Fetal microchimerism—what our children leave behind

Michael Verneris

Fetal microchimerism (FMc) describes the persistence of low numbers of fetal cells in the mother after a pregnancy. A number of recent studies suggests FMc may play a role in the etiology of some autoimmune diseases.1 Remarkably, FMc has been demonstrated to persist for up to 38 years after pregnancy and has been found in multiple lymphocyte subsets and in early lymphoid precursors.2 In a single patient, FMc was demonstrated in CD34+ cells, suggesting that FMc may result from the engraftment of a long-term repopulating or stem cell.3 In this issue of Blood, Adams and colleagues (page 3845) have taken the next step and evaluated female hematopoietic cell (HC) transplant donors for the presence of Y chromosome-specific DNA. Strikingly, Y chromosome DNA could be detected in more than one third of peripheral blood stem cell (PBSC) collections and nearly one half of the CD34+ selected cell fractions from these female donors. Since the use of multiparous female donors is associated with a higher propensity of graft-versus-host disease (GVHD),4 the authors speculate that major histocompatibility complex (MHC)-mismatched fetal cells transferred during HC transplantation (HCT) could participate in the induction of GVHD. Unfortunately, a number of factors are lacking from this dataset to completely address such questions. For instance, parity information is not available for most donors, and the assay used detects only male DNA; thus, the actual incidence of FMc in hematopoietic stem cell factions may be significantly higher than is estimated by this analysis. Likewise, it is not known whether female donors with demonstrable FMc induced a greater incidence of GVHD than other donors in this series.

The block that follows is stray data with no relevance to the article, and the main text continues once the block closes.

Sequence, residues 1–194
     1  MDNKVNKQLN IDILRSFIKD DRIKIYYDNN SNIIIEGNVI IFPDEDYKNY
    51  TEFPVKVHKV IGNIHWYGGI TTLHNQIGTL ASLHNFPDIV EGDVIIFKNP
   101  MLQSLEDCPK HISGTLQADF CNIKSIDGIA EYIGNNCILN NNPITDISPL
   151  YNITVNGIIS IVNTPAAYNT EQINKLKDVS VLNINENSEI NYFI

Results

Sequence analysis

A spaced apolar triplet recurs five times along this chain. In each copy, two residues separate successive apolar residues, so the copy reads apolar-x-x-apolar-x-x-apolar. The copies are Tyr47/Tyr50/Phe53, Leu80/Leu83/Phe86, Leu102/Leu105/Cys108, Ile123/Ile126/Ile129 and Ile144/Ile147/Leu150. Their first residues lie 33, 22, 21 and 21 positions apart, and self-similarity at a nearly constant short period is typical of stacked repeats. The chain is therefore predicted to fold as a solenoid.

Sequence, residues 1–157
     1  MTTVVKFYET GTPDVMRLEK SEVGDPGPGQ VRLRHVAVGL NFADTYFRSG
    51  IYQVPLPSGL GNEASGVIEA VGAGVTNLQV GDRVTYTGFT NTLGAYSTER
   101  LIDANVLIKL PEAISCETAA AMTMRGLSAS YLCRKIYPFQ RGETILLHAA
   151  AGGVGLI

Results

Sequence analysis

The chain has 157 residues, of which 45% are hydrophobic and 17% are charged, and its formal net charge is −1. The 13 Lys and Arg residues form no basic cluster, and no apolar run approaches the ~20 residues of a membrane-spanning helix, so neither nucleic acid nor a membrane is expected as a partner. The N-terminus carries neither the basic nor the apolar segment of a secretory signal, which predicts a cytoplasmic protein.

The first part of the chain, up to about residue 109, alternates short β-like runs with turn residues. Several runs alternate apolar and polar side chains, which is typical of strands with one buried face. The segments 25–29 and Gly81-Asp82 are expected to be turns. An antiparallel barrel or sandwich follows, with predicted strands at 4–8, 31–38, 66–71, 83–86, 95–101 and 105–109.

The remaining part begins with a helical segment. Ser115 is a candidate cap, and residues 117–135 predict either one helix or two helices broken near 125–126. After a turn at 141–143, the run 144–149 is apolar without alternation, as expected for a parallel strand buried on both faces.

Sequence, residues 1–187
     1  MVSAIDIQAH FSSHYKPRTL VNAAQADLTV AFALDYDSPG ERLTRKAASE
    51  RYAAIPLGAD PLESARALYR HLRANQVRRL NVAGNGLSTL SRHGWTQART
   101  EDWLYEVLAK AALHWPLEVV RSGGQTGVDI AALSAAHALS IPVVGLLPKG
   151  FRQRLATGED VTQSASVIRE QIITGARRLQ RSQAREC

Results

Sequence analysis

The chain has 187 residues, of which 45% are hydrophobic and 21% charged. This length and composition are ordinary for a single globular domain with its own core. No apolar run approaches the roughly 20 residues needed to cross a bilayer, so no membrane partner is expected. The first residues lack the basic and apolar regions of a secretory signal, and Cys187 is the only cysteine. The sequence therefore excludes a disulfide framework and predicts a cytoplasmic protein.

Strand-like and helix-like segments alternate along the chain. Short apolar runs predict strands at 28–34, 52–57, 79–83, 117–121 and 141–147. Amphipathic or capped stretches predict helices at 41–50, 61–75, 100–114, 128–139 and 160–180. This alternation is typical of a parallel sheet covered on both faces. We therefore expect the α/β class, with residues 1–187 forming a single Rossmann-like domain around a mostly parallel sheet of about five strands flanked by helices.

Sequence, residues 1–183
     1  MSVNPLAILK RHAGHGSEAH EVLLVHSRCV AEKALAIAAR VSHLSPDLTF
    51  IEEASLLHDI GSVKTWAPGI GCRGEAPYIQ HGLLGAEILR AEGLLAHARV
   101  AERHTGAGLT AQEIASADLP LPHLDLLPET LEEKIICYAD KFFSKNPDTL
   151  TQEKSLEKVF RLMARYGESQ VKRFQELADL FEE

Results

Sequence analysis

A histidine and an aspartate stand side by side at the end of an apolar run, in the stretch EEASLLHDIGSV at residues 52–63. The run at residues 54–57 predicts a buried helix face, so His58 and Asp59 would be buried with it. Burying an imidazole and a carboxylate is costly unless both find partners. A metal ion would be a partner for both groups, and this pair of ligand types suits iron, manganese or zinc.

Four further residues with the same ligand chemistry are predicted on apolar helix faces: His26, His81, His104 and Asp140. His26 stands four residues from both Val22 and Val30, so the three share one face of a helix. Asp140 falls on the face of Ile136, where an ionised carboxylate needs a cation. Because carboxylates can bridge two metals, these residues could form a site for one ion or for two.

Despite this, and like all good science, this work raises more questions than it answers. For instance, virtually nothing is known about the circumstances that allow FMc to occur. Other important questions include what role do such cells play in the pathogenesis of either acute or chronic GVHD. If the hypothesis by Adams et al is correct, then it may be possible to detect the presence of transferred fetal cells in the host after HCT (possibly in GVHD target tissues). To date there have been no reports of chimerism analysis after HCT demonstrating a party other than the donor or recipient, but the studies by Adams et al may prompt such reports.

Not only have fetal cells been detected in the mother, but also maternal cells in the fetus.5 Such microchimerism might not be all bad for patients requiring HCT, since it might aid, or even enhance, donor selection. This is because a potential sibling donor (with maternal microchimerism) may be tolerant of noninherited maternal antigens, allowing for less rigorous typing of maternal alleles. Similarly, mothers who have had multiple pregnancies (and hence FMc from more than one child) may be tolerant of paternal antigens. Such parents may be ideal donors for their children. In fact, Shimazaki et al have reported a technique of donor selection based on microchimerism analysis to perform haploidentical, 2 to 3 antigen mismatched, non-T-cell-depleted HCT.6 In this series of 5 patients the incidence of severe (grades 3-4) GVHD was remarkably low (1 of 5 patients). Thus, it is hopeful that the findings by Adams et al may be useful in the understanding of FMc and how (or if) it relates to the pathogenesis of GVHD and whether such information may assist in the selection of HC transplant donors.